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I've created a bootable USB thumb drive using Rufus which includes a Windows.iso file and the Installer would start, but then give me a 0x8007025D error about not being able to access files, this was using MBR partition. But then on this page (https://www.windowstechit.com/16375/error-code-0x8007025d-solutions/) I read that Windows requires GPT partitions, so I changed the partition of the target drive to GPT, but now the Window installer tells me that it can't install on a GPT drive.
I'm confused. :(
 

velocityg4

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@velocityg4 This morning when I try to install Windows I get the error code 0x8007025D asking me if all the files are available to install windows. I have created a bootable thumb drive using the Windows Media Creation Tool on two different 32GB thumb drives and this error appears. The next stip is to use a partition tool to reformat the hard drive, then then I'll try a bootable DVD disk with the Windows iso file on it. This hard drive was working fine, when it had Linus on it.

For partitioning format, would MBR or GPT be better?
This should be automatic. If you delete all partitions on a hard drive with the installer. Then create a new one using the installer. It will use MBR or GPT depending on if you are using UEFI or Legacy boot. It will only do this if you wipe all partitions before installing.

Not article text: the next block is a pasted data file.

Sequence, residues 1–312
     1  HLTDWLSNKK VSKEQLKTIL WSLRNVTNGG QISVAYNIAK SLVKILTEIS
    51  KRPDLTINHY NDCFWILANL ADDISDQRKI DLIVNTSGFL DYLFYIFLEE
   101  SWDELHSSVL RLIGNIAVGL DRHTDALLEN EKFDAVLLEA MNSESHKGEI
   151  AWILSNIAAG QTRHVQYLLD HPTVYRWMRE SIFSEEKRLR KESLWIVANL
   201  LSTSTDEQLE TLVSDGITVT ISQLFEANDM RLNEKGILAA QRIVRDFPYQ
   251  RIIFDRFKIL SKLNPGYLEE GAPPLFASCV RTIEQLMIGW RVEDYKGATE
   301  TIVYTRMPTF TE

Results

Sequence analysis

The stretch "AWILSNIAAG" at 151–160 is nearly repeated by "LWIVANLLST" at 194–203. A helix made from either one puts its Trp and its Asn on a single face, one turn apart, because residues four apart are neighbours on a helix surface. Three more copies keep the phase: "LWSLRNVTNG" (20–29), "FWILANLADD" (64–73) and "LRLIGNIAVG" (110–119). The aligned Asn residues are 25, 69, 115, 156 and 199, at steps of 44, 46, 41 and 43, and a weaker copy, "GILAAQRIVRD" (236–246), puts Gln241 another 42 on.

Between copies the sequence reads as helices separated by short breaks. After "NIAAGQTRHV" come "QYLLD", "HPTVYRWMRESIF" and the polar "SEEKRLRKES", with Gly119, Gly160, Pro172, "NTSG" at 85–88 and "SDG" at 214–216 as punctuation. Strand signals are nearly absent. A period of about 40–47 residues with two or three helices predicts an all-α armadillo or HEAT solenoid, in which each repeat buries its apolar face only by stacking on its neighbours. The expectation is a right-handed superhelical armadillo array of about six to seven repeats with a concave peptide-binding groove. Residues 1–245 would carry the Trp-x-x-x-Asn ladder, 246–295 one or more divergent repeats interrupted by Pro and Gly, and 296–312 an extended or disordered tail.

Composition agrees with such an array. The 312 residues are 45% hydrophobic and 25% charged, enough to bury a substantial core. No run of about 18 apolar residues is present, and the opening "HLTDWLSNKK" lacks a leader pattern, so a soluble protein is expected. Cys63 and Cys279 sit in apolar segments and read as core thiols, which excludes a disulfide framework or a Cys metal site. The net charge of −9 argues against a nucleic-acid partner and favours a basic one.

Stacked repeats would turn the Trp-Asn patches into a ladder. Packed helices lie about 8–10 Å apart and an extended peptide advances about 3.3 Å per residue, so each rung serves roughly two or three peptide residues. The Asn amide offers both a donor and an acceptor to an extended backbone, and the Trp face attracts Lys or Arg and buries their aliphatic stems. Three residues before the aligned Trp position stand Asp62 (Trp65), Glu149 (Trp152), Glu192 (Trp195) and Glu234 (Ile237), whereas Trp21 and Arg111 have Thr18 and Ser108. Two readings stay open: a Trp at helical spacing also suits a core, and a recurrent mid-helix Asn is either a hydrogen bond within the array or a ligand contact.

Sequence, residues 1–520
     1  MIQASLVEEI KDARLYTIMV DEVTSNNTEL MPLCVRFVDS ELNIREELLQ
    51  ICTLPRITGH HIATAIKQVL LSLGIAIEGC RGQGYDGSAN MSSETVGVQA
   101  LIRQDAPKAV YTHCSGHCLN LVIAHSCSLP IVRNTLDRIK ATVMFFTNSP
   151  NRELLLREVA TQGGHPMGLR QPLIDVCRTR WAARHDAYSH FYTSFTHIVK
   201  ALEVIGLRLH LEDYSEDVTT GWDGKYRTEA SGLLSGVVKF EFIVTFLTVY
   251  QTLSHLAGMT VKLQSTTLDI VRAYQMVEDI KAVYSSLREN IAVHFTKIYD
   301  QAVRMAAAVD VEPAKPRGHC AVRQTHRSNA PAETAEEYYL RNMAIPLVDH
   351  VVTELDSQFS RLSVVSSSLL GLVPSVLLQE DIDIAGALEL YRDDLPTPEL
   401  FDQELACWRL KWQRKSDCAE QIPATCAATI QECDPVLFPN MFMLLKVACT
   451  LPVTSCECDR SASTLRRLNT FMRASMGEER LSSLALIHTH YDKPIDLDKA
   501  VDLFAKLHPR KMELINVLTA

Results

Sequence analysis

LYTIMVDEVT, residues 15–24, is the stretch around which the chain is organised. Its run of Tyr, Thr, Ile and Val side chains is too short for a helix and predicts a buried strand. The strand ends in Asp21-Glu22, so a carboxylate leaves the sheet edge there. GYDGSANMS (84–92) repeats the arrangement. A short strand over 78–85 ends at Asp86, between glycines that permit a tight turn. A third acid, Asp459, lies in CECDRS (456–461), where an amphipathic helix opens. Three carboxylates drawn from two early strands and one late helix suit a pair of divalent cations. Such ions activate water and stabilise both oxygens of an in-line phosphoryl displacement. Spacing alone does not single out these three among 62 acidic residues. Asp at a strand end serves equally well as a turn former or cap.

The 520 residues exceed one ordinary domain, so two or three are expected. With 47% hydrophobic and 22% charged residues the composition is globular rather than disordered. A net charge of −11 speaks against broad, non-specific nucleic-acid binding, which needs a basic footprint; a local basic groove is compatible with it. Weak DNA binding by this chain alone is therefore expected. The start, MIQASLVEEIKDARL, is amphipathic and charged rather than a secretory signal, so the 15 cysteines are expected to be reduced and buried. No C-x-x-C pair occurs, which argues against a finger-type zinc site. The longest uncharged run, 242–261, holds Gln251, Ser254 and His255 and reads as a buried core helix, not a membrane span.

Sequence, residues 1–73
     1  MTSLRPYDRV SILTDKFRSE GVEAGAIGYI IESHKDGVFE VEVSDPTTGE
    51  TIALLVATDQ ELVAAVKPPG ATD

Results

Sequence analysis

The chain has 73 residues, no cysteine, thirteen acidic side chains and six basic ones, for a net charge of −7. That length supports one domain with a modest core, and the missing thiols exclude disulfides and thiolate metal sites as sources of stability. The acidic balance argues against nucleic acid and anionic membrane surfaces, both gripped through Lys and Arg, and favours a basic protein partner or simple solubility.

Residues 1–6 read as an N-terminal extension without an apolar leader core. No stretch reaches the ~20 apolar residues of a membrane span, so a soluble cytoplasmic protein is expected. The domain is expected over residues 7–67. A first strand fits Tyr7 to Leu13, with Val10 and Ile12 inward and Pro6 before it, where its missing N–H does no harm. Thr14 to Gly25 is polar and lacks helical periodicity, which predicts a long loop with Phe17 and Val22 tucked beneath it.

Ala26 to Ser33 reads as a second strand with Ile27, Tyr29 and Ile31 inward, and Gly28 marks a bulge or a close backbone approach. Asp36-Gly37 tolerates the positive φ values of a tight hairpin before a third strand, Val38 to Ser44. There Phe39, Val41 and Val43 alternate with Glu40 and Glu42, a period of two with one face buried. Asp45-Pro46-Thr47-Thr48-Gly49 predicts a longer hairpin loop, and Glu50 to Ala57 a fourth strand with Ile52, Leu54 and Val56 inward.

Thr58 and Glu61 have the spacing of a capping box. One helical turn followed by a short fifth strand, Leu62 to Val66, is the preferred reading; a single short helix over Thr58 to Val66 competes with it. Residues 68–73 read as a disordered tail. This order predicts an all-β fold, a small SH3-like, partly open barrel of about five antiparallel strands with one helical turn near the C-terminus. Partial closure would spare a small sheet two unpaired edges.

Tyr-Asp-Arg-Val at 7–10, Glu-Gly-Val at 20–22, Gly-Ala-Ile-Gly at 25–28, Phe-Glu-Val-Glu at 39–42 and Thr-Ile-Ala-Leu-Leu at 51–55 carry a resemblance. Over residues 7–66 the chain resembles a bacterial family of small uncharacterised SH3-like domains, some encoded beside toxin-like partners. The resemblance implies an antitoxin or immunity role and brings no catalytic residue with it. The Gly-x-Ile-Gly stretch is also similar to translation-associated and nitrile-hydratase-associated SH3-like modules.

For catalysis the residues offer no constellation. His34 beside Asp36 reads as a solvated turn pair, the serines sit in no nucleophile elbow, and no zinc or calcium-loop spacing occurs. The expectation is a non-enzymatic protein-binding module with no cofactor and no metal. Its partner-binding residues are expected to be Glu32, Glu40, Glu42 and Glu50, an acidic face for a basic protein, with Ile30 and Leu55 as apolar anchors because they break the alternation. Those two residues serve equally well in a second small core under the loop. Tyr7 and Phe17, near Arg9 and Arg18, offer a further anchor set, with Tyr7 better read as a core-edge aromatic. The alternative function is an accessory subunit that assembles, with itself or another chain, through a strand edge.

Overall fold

The Windows Media Creation Tool sets up the USB to be UEFI or Legacy bootable. You can modify this afterward so only one works. But that is another matter. You delete the UEFI or Legacy boot loader folder.

Not sure about that error. The installer's always worked for me. Although I create my installers using RUFUS and just use the media creation tool to download the ISO. When using RUFUS I have it create for UEFI only. Partition Scheme GPT and Target System UEFI (Non-CSM). I do this as I've found having a dual installer is sometimes troublesome. So, I carry a BIOS (Legacy) only and UEFI only Windows installer with me to job sites.


Check your BIOS settings. Turn off legacy boot and only use UEFI boot. Just to make sure it tries to load the installer and Windows with UEFI. Plus that the installer uses GPT for the hard drive.

All else I could think is there is a partition not showing up in the installer when you are deleting them. Something created for Linux which the Windows installer doesn't see. You can always pull the drive and put it in another computer or boot the installer into repair mode to access the command prompt. Then run the clean command.

The code seems that it could be bad ram or hard drive. Other instances are when upgrading not clean installing. You can run memtest86+ on the RAM. The installer has a RAM testing utility too I believe. I haven't tried accessing it but it would be mdsched from the command prompt. I always used memtest86+ from Hiren's Boot CD (RUFUS to USB instead of DVD now).
 
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Huntn